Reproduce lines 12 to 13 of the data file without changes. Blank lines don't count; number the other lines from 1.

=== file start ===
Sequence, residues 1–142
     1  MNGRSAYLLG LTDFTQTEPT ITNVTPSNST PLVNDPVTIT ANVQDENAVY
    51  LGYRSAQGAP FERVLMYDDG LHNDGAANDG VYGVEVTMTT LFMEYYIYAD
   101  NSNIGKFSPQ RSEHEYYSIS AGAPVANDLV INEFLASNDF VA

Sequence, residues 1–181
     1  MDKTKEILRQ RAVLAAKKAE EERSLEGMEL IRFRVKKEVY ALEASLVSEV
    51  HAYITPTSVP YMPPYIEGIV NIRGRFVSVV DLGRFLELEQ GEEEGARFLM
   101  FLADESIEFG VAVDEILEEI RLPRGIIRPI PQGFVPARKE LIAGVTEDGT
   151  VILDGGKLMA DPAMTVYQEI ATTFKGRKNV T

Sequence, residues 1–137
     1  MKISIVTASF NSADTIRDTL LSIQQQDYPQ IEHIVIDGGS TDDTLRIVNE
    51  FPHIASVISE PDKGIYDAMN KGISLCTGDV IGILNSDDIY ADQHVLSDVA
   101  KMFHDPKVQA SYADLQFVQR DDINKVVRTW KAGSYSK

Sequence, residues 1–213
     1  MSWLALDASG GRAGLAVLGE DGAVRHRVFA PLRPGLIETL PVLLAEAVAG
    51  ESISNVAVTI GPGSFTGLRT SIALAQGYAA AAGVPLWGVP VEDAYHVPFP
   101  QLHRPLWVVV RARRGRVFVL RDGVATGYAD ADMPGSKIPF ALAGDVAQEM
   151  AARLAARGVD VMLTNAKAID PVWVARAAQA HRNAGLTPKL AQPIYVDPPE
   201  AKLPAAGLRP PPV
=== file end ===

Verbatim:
    51  FPHIASVISE PDKGIYDAMN KGISLCTGDV IGILNSDDIY ADQHVLSDVA
   101  KMFHDPKVQA SYADLQFVQR DDINKVVRTW KAGSYSK